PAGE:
Assume what you may, but I didn’t have an affair. (The logistics of doing so while living on two separate continents made that quite difficult.)  I loved a man who wasn’t my husband, told my husband, watched as the shit hit the fan, and realized that my marriage was over long before I knew it was. I knew before divorce papers were ever drawn up that I’d get married again, and I knew who I would marry. In the most ballsy move I’ve ever made, I let myself fall deep down into the rabbit hole. I left one relationship to jump into another and it was the best thing I’ve ever done.

Opening my inbox to find a Facebook message accusing me of “tearing my family apart” and warning me of the consequences of my decisions (not to mention, belittling my spiritual beliefs), was one of the more hurtful moments I experienced when I decided to get a divorce. At the time, it seemed as though everyone had an opinion about my life; everyone knew my marriage better than I did. I notice myself struggling with the desire to make everyone understand. I want everyone to know how good this is. I want everyone to know how happy I am; how happy my kids are. I want everyone to see the difference between this relationship and my last one. I know, however, that it will never happen and the only reason that is okay – the only reason that the judgement, the opinions, and the estrangement don’t get me down – is that I KNOW.


On July 7th, I married the man that I love. I said yes to the most spiritual, most intuitive, most supportive, most fulfilling relationship I’ve ever experienced with another human being. I didn’t do what many people wanted, or thought was right, but I trusted myself. A part of me loved him before I was born, and long before I knew of his existence.  In the most cliche, yet truthful way of explaining it, I acknowledged the pull of the Universe and agreed to go along with its plan.

In the last 12 months, I’ve learned who my friends are. I’ve learned how to better trust myself and my intuition. I’ve learned to stop judging work really hard to judge less. I’ve learned more about who I am and what is important to me. I’ve learned that some of the best decisions are also the scariest and most challenging.

And I’ve also learned the most important thing of all: that I don’t know nearly as much as I thought I did.



What are they really asking you for?

“Do you miss Dad?” she asked, looking towards me as she watched me type the email she had just dictated to her father.

“What?” I asked her, hoping both that I had misheard her question, and that asking again would buy me some time to come up with an answer.

“Do you miss Daddy?” she asked again. Her eyes were glistening in that way they do when her tears hinge on the answer that comes out of my mouth. She looked both hopeful and apprehensive.

I panicked. No, I don’t really miss your dad. I miss his friendship. I miss being able to talk to him without feeling the weight of the baggage that we both hold on to. I miss the ease of having a conversation about… anything. But do I miss being married to him? Do I miss having him around every day? No. No, I don’t.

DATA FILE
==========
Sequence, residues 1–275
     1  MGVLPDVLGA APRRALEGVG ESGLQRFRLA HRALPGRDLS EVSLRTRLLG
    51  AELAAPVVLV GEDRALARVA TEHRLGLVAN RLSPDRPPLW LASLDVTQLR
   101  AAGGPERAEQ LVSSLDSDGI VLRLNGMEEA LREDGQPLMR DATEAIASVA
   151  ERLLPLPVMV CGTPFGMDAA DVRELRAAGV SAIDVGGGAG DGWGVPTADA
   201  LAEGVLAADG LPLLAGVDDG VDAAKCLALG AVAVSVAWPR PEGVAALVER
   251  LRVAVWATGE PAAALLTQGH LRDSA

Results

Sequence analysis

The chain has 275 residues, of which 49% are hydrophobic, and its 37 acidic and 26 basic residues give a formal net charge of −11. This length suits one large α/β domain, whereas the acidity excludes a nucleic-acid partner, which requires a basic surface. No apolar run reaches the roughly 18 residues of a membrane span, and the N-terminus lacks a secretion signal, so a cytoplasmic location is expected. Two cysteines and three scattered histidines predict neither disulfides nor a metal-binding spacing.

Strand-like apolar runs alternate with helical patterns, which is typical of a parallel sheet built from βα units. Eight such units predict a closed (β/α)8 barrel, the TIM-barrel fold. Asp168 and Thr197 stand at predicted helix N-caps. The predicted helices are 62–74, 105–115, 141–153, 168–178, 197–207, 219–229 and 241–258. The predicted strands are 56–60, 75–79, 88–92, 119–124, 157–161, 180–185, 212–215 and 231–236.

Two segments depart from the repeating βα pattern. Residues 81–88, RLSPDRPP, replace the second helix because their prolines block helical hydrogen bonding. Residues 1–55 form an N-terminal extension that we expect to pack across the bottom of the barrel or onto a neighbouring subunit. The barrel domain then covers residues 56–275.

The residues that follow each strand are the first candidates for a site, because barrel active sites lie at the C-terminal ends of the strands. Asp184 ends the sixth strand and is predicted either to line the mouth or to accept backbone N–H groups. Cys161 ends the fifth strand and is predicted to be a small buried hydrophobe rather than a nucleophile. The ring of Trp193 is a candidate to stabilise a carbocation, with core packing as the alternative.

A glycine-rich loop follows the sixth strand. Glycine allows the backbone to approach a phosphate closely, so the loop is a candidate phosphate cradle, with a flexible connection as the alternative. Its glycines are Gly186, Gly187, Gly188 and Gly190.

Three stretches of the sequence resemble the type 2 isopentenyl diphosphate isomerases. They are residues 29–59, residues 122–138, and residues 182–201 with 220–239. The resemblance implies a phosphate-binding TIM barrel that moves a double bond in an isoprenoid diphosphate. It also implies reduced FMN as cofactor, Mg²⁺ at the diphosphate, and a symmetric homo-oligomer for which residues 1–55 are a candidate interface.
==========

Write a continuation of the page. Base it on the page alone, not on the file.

Fortunately for me, in the 5 seconds between her question and my response, I saw something else in her eyes that illuminated the answer she needed to hear.

“I wish your Daddy lived closer so that you could see him all the time. I know you miss him.”

A look of relief washed over her. In that moment, I saw a child who needed to be told it was okay that she missed her dad, that her mom understood this, and that her mom wanted her to have her dad closer. She smiled up at me, and gave me a hug, and the moment passed.

My kids ask me a lot of difficult questions, and my first response is usually panic. I want to get it right. I want to have the perfect answer. Where I go wrong is the thought that the question is really about me. My daughter wasn’t asking if I missed being married to her dad. She was asking whether or not I understood that she did. In that moment, it was all she needed from me. I didn’t need to explain how I felt. I didn’t need to point out the difference between missing a person and missing a relationship. I didn’t need to make it complicated. I just needed to validate her own feeling of loss and separation.

I don’t always say the right thing, and I make a lot of mistakes. But seeing the relief on her face that morning was a great reminder that I can’t always assume it’s about me. In the future, I hope I can remember to ask “What does she need from me right now?” instead of, “What am I supposed to say?”

I’d love to hear from you. Has there ever been a time when you felt like you got it right, and were surprised by the way in which it happened? Do you panic when you get a tough question from your child? Do you make your answer more complicated than it should be? 


Do you catastrophize? I sure do.

I came downstairs after my shower and the tv was still on. I had told my 7-year-old to turn it off after the previous show, and once again, she hadn’t followed directions. Without saying a word, I walked over to the tv and turned it off.